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nelsonba 12-02-2015 11:59 AM

ABS/Traction Control Sensor Question
Hello. I have a 2005 Saturn Vue. The ABS and TC lights came on and the problem was diagnosed as a bad sensor. Additionally, the wheel bearing was bad on the same wheel. This part was replaced 1 year ago after an accident. We were scheduled to bring it in for a warranty repair, but the day we were scheduled to take it in my wife was driving in icy conditions, hit the brakes and slid into a curb, which damaged the lower control arm. What Iím wondering is if the ABS malfunctioning could have contributed to her inability to stop the car before hitting the curb. She wasnít going very fast at all (coming to a stop at an intersection), and Iím a little surprised the control arm was bent to the point where it was not drivable. At this point the shop has agreed to replace the wheel bearing and sensor, but Iím on the hook for the control arm. What Iím wondering is whether or not I have a case for getting the control arm repaired at their expense as well? I just donít know enough about how the system works to know whether or not a functioning sensor could have prevented the impact. Thanks for any help!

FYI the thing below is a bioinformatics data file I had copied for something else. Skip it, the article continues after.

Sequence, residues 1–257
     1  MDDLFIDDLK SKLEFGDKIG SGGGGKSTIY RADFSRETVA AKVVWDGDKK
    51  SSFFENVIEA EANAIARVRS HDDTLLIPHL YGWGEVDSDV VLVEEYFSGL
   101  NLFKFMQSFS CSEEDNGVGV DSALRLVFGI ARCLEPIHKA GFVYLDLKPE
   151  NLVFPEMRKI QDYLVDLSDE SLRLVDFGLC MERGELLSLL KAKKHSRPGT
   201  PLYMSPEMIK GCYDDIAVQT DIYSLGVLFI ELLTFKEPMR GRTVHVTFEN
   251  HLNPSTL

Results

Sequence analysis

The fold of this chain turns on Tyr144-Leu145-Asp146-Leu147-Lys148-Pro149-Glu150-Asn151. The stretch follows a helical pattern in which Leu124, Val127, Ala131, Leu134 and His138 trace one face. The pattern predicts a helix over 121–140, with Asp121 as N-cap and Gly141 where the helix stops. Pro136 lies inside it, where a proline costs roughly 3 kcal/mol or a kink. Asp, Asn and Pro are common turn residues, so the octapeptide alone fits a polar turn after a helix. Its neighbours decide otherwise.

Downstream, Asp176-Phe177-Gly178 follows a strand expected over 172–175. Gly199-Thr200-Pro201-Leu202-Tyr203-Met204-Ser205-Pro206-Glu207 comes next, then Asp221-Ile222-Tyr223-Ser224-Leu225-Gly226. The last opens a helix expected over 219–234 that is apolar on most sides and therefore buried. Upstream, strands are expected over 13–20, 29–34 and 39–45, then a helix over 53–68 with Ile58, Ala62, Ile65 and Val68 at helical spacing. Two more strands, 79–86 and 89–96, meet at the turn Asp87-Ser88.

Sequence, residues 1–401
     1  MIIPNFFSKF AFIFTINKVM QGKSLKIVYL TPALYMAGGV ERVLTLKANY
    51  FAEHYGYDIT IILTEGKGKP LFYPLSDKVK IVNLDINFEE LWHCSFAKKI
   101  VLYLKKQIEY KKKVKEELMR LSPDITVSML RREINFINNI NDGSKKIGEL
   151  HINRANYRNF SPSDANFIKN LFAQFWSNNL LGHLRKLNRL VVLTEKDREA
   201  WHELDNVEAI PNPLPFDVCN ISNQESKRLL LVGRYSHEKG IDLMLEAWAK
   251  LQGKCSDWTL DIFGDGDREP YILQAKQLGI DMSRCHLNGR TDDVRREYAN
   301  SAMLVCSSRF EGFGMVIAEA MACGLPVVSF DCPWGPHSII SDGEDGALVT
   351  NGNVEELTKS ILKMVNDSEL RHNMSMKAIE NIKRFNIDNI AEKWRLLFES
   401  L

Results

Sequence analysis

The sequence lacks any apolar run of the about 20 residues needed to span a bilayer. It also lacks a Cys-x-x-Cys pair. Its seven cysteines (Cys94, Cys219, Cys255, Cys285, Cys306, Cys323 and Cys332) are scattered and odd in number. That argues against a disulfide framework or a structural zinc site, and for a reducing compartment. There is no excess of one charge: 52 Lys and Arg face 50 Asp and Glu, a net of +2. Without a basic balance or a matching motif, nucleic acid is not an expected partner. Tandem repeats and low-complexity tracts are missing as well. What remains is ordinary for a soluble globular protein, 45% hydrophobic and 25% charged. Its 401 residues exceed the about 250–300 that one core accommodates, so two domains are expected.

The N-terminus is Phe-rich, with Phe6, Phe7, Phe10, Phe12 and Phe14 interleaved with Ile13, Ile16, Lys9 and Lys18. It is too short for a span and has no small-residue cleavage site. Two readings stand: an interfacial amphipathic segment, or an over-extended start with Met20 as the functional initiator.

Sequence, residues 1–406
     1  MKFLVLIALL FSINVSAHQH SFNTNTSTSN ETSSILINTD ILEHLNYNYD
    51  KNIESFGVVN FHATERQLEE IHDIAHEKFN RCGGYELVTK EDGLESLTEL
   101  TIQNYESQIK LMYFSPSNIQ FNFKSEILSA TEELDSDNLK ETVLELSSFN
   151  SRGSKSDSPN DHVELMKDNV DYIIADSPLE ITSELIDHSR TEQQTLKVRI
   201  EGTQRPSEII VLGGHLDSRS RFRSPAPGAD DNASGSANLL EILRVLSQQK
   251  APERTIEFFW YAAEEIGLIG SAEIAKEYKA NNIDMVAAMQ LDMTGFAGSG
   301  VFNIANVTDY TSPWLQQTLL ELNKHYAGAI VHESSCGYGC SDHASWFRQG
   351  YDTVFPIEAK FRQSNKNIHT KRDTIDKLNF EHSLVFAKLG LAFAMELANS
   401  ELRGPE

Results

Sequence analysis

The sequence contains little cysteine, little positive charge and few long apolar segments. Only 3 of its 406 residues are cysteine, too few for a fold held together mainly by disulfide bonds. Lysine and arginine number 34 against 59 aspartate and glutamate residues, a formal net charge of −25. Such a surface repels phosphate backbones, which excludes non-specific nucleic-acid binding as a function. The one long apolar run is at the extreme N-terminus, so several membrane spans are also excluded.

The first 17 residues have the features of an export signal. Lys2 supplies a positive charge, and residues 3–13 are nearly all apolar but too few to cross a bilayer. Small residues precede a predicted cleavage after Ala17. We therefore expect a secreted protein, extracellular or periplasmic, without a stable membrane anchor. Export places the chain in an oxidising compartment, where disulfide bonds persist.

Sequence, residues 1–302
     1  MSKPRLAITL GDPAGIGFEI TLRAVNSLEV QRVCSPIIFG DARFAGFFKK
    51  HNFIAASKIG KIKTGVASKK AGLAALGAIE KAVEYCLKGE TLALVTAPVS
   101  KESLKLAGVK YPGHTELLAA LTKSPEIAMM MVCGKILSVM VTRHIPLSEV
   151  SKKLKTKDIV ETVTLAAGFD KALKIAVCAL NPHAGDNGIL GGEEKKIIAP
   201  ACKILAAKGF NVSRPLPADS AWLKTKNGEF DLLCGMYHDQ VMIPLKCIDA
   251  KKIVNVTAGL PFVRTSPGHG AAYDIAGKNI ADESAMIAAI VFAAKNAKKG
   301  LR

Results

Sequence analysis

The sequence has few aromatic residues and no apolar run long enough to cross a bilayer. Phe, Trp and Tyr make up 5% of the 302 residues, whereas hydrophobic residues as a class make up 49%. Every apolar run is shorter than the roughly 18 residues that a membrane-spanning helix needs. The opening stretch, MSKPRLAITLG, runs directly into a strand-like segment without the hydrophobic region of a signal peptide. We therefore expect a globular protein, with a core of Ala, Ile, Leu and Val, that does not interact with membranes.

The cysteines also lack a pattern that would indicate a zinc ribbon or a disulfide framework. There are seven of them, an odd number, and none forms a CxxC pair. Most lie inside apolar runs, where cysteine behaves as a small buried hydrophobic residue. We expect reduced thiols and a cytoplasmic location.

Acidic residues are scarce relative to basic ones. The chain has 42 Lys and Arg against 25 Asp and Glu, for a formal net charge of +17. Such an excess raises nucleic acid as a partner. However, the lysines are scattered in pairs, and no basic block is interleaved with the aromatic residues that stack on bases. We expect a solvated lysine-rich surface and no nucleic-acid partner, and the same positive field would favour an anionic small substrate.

goBoating 12-02-2015 05:32 PM

Re: ABS/Traction Control Sensor Question
If you/your wife chose to drive the car knowing the ABS/TC was inoperable, you accepted the risk.

Re: your wheel bearing - sensor problem. Our ABS/TC failed on our 2004 Vue. Procrastinated about getting it fixed until a front wheel bearing went bad. When I took it in, the shop said hold off on the ABS/TC repairs as they had seen bad wheel bearings cause the problem. When the bearing gets sloppy, the motion of wheel get irregular and the wheel speed sensor can't track it. They redid the bearings and the ABS/TC magically fixed itself. 'Still working.